April 1, 2011

CONTACT: Jack Savage,(603)224-9945; cell (603) 724-5362;


For Immediate Release


Pellet stove owners will soon be able to grow their own pellets

 Concord, NH, April 1—The Society for the Protection of NH Forests announced today the successful development of a pellet bush that will allow homeowners to grow their own pellets for use in popular pellet stove devices.

 “Many NH residents have turned to pellet stoves to heat their homes,” said Jack Savage, VP of Communications at the Forest Society. “They appreciate the renewable energy source, as well as the convenience of handling pellets instead of heavy firewood for a woodstove. However, many would also rather not buy pellets by the bag from their local woodstove shop or hardware store, but make them from their own land.”

To that end, the Forest Society announced today that after careful grafting and experimental cultivation, they have developed the world's first 'pellet bush'.

“This remarkable plant makes it possible for homeowners to grow and harvest their own wood pellets right in their backyards,” Savage said.

The plant is a cross between a coffee plant and a beech tree—the combination of the coffee bean and a beech nut have the right density and size to run through the augers of the pellet stoves that are out on the market now.

“At this point the harvesting is pretty primitive,” Savage said. “Basically you put a tarp on the ground under the bush and then shake the bush and let the pellets fall on to the tarp.”

Eventually they hope to develop a tarp that doubles as a plastic bag, so that the pellets can be ‘zipped up’ into the bag immediately after harvesting.

“The typical coffee plant grows to 25-30 feet, so harvesting works best if you prune the plant once before it flowers,” Savage said. “Sort of like shearing a Christmas tree on a Christmas tree farm.”

The Pellet Project has been kept quiet by the Forest Society as they developed the right bush and growing conditions.

“We have an active forest management program--and we work on a few research projects that are usually pretty hush-hush until we are ready to announce them,” Savage said. A few years ago the Society revealed the development of square trees that are far more efficient to grow, transport and saw into lumber at the mill.

There are still issues to be resolved with the pellet bushes, and Savage says they are expecting a less-than-friendly reception from the existing pellet industry, but innovation is often accompanied by a little controversy.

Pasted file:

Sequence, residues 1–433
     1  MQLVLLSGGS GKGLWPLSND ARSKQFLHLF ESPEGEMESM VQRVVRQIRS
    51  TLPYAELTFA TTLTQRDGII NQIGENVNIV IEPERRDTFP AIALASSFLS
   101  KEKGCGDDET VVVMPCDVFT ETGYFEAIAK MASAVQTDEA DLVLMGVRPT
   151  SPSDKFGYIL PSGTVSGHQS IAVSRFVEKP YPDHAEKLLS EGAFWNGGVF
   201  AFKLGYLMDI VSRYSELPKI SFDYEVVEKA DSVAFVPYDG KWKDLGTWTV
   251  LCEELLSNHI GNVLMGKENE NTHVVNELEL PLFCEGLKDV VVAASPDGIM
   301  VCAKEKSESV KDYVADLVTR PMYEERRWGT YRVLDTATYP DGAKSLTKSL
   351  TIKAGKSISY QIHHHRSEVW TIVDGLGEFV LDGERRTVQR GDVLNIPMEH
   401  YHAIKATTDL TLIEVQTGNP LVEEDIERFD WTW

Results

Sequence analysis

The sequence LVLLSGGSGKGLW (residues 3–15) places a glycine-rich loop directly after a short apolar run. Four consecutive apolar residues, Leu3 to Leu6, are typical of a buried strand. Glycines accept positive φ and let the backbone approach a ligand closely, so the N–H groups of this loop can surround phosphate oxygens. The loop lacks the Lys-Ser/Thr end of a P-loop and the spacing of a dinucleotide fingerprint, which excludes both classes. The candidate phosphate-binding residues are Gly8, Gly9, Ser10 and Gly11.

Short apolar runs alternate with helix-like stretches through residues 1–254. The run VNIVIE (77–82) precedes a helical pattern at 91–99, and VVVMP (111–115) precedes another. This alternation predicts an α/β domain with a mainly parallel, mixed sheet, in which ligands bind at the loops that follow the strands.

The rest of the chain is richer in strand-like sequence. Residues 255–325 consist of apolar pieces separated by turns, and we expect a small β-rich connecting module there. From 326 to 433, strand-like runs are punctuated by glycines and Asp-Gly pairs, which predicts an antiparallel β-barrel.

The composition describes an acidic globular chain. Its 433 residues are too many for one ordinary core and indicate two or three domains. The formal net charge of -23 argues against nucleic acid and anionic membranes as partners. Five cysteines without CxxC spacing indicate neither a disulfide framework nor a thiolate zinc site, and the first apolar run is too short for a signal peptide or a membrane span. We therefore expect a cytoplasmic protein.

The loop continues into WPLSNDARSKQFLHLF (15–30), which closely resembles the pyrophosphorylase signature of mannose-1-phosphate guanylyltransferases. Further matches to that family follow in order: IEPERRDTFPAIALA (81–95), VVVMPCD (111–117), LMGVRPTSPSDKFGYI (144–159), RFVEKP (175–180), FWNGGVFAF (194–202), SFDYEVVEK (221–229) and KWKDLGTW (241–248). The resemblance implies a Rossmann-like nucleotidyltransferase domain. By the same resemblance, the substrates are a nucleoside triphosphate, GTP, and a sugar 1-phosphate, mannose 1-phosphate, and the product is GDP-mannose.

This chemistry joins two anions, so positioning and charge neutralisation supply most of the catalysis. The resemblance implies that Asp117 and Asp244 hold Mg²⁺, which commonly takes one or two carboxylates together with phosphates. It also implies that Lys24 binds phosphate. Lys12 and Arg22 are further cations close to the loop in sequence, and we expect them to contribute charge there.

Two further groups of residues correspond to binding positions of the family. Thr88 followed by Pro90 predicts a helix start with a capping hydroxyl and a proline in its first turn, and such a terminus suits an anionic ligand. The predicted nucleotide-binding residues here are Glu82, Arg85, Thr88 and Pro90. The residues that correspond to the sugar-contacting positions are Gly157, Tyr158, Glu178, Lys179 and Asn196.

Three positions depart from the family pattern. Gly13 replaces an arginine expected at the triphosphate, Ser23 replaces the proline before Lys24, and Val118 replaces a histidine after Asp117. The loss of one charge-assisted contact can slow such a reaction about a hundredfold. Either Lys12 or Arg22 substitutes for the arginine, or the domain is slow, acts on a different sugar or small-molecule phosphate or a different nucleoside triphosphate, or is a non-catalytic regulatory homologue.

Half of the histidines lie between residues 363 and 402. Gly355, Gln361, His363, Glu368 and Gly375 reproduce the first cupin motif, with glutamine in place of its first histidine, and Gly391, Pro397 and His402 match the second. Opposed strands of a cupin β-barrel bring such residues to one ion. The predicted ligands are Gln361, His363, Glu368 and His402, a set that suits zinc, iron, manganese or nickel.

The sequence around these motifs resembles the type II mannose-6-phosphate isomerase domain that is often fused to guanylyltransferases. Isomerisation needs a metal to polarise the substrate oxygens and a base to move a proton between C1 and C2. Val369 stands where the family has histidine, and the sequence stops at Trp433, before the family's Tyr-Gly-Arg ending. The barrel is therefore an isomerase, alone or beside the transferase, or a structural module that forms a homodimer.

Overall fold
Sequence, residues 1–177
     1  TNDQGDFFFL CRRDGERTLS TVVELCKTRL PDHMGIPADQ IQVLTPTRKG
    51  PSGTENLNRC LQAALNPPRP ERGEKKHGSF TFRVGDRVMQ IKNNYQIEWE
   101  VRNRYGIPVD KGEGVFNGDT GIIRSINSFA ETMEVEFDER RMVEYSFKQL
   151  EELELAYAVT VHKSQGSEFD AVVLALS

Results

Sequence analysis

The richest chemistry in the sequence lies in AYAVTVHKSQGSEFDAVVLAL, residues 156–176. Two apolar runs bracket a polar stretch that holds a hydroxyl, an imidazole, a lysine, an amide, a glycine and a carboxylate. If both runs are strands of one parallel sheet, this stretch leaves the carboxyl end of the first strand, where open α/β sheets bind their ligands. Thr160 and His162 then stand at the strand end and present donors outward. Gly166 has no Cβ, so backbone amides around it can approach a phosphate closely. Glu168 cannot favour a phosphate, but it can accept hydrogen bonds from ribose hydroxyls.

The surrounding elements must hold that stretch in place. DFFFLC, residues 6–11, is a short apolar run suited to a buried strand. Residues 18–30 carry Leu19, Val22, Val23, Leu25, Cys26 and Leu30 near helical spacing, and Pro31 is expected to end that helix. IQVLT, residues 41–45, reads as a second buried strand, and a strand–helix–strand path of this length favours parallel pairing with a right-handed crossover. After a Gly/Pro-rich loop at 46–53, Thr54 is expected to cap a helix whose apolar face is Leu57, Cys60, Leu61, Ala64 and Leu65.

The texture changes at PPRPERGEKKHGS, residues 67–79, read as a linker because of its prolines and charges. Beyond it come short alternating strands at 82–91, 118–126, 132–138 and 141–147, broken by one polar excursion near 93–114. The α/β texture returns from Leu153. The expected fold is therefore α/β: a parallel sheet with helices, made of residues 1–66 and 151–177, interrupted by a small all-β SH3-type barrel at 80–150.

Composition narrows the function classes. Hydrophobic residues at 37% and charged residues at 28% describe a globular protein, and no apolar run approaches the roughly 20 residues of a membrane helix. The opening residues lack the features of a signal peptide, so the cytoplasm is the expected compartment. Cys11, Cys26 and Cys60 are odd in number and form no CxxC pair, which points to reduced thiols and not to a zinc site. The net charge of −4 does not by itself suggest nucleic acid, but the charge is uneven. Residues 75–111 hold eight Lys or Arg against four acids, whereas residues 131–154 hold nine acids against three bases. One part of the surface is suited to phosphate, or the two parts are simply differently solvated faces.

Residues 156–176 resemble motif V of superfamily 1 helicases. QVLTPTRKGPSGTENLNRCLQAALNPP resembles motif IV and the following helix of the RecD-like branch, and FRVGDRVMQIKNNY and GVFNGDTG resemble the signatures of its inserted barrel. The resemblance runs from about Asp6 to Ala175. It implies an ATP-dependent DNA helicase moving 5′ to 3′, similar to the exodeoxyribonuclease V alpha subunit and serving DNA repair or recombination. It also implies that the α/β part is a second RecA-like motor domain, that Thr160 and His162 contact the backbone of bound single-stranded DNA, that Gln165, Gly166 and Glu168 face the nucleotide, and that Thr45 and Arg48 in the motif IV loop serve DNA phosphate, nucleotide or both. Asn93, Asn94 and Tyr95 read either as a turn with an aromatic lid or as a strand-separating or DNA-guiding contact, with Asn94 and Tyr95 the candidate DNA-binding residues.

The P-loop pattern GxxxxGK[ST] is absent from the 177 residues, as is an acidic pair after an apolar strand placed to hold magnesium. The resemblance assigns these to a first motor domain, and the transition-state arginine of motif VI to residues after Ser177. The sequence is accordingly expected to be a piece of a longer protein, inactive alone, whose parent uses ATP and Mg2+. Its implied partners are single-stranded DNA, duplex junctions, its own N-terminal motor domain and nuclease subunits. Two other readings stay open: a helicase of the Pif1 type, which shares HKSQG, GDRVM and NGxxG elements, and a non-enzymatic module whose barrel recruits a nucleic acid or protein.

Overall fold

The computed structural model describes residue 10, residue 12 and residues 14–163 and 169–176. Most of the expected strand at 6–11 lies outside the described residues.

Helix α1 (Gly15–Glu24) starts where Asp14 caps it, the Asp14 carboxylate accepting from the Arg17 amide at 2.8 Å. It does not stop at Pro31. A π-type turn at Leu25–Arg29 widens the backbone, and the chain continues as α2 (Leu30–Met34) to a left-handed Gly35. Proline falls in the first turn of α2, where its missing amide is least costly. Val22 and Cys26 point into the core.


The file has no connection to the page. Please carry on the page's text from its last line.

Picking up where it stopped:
The pellet bush doesn’t propagate on its own at this point, Savage said, so one must buy grafted seedlings. The pellet isn’t a traditional seed—you can’t plant it and grow a new pellet bush.

Pellets grow with a husk, and burn the best with the husk off and the pellet dried. The Society is still working on developing a kind of threshing machine to take the husks off.

“Ideally it would be solar powered so the whole project is renewable from an energy standpoint,” Savage said. “We’re also not sure about the soil impact--how growing these bushes affects the nutrients in the soil. What were hoping is that spreading the ash from the burned pellets will return all the necessary nutrients to the soil.”

Growing enough pellets does take a bit of land. Based on the experimental growth, it takes at least an acre to grow a ton of pellets. That’s the equivalent of one pallet load, or 50 40-pound bags. So depending on one’s usage, it would take up to four or five acres to get through a NH winter.

“But, we're also working on grafting in a sugar maple strand, which we expect will give the pellets a pleasant maple syrup fragrance when they're burned,” Savage said. “It will be like having pancakes all day long.”

Developing the pellet bush has been a fun project for the staff, Savage said. “We like to have fun here at the Forest Society, especially this time of year.”

The seedlings are expected to be available for purchase by April 1, 2012.

 The Forest Society is a private, non-profit membership organization established in 1901 to perpetuate the forests of New Hampshire through their wise use and complete reservation in places of special scenic beauty.